Descriptive data

Demographics, inciting triggers and allergy history for the 631 incident cases of anaphylaxis are summarized in Table I. Mean age at first occurrence of anaphylaxis was 32.1 years [median 31; IQR 19–44; range 0–98]. The majority of the cases (74%) of anaphylaxis were treated in the ED. As shown in Table I, among 626 patients who were evaluated for the acute anaphylactic event, most (74%) were discharged home or observed in the ED observation unit (11%). Fifteen percent required hospitalization. There were no anaphylaxis-related deaths.

Table I
Features of incident cases of anaphylaxis, N=631

Presenting signs and symptoms and patient disposition are also shown in Table I. Biphasic reactions, defined as any recurrent symptoms after resolution of the initial symptoms of anaphylaxis without re-exposure to the inciting allergen, occurred in 16 (3%) patients. Among the patients evaluated for the acute anaphylactic reaction, epinephrine was administered for treatment in 285 (45%) patients (Table I). There was a significant increase in epinephrine administration over the study period (p=0.031). Forty-two percent of the patients diagnosed early in the study (2001–2002) were treated with epinephrine compared with 57% of the patients diagnosed late in the study (2009–2010).

Main results

The overall age- and sex-adjusted incidence of anaphylaxis was 42 per 100,000 person256 years (95% CI: 38.7- 45.3). The incidence rate of anaphylaxis increased significantly during the study period, as summarized in Table II and illustrated in Figure I. The incidence rate ratio was 1.043 (95% CI 1.015–1.072), indicating that there was a 4.3% increase per year in the incidence rate of anaphylaxis (p < 0.001).

Figure I
Age and sex adjusted incidence rate of anaphylaxis by year of diagnosis and inciting trigger, 2001–2010
Table II
Incidence of anaphylaxis in Olmsted County, Minnesota 2001–2010 by year of diagnosis and inciting trigger

Incidence rates based on inciting triggers are summarized in Table II and illustrated in Figure I. Food related anaphylaxis increased significantly during the study period, (p<0.001) with an incidence rate ratio of 1.098 (95% CI 1.048–1.150), indicating that there was a 9.8% increase per year in the incidence rate for patients with food as the suspected trigger.

Table III and Figure II summarize the incidence of anaphylaxis based on age at diagnosis and inciting trigger. Incidence rates varied significantly by age group overall and within each inciting trigger. Overall, the highest incidence of anaphylaxis occurred in the 30–39 year old age group. Food-related anaphylaxis was most common in children aged 0–9 years. Venom related anaphylaxis was most common in those 20–39 years of age, and medication-related anaphylaxis was most common in those30–39 years of age. When trends in incidence rates over time were evaluated with each age group, there was evidence that the overall incidence of anaphylaxis increased over the study period in patients 20–49 years of age (p=0.007). There was not a statistically significant change in incidence over time for the other age groups.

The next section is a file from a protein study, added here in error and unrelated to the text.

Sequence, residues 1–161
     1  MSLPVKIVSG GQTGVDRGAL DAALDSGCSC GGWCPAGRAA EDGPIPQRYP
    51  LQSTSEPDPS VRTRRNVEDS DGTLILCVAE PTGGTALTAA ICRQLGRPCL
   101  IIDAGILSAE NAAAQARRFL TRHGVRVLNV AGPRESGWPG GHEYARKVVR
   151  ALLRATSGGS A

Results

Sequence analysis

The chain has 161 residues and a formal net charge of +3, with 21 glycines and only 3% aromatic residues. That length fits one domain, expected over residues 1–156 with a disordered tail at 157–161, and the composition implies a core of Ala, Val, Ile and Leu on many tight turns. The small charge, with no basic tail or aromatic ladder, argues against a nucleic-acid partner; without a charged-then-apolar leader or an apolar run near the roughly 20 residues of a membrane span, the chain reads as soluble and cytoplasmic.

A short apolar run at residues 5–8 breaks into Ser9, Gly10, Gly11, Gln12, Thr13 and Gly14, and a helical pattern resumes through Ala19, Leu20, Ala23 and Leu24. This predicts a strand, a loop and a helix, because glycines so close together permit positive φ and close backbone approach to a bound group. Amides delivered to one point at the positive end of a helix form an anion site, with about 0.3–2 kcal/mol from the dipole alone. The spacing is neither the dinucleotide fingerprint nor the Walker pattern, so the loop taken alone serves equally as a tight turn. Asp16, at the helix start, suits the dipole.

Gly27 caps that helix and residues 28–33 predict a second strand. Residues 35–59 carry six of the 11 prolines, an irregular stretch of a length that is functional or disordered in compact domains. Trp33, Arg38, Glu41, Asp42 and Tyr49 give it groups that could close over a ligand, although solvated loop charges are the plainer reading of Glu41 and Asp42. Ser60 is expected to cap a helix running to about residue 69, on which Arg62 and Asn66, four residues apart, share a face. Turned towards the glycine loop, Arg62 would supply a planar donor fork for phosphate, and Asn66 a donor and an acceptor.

Figure II
Incidence rate anaphylaxis by age group and inciting triggers
Table III
Incidence of anaphylaxis in Olmsted County, Minnesota 2001–2010 by age at diagnosis, sex and inciting trigger

Overall, across all ages and years of diagnosis, incidence rates were similar for men and women (p=0.15). However, there were differences in rates of anaphylaxis between men and women within particular age groups (Table III, Figure III). There was a trend towards increased incidence in boys aged 0–9 years (p=0.056) compared to girls in this age group. A statistically significant increased incidence rate was noted for males aged 10–19 (p=0.024) and 30–39 (p=0.002) compared to women in these age groups. In contrast, women aged 40–49 years were more likely to experience anaphylaxis than men in this age group (p=0.011)(Figure III). There was not a statistically significant difference in the rate of anaphylaxis between men and women aged 20–29 years, 50–59 years, or 60 years or older.

Figure III
The incidence rate of anaphylaxis by age group and sex

DISCUSSION

Statement of principle findings

The overall age- and sex-adjusted incidence of anaphylaxis was 42 (95%CI 38.7 – 45.3) per 100,000 person-years. The incidence rate increased significantly during the study period. Overall, the peak incidence in anaphylaxis occurred between 30–39 years of age. Food-related anaphylaxis increased significantly during the study period and was more common in children aged 0–9 years. Venom-related anaphylaxis was most common in those 20–39 years of age, and medication-related anaphylaxis was most common among patients 30–39 years of age. The use of epinephrine for anaphylaxis management increased during the study period.

Strengths and limitations

The primary strength of our study is the ability to obtain a population-based estimate of the incidence of anaphylaxis over a 10-year period. Through the REP, we were able to identify nearly all cases of anaphylaxis, the treatments received, and outcomes in a geographically297 defined community from 2001–2010. With the use of a record linkage system and standardized chart review, we were able to ascertain a rigorous estimate of the incidence of anaphylaxis in the population.

It is also noteworthy that we used the NIAID/FAAN criteria to define anaphylaxis.16 As the diagnosis of anaphylaxis remains clinical, our study used these criteria to identify the cases of anaphylaxis. This enabled chart reviewers to elucidate the diagnosis of anaphylaxis and achieve very good concordance.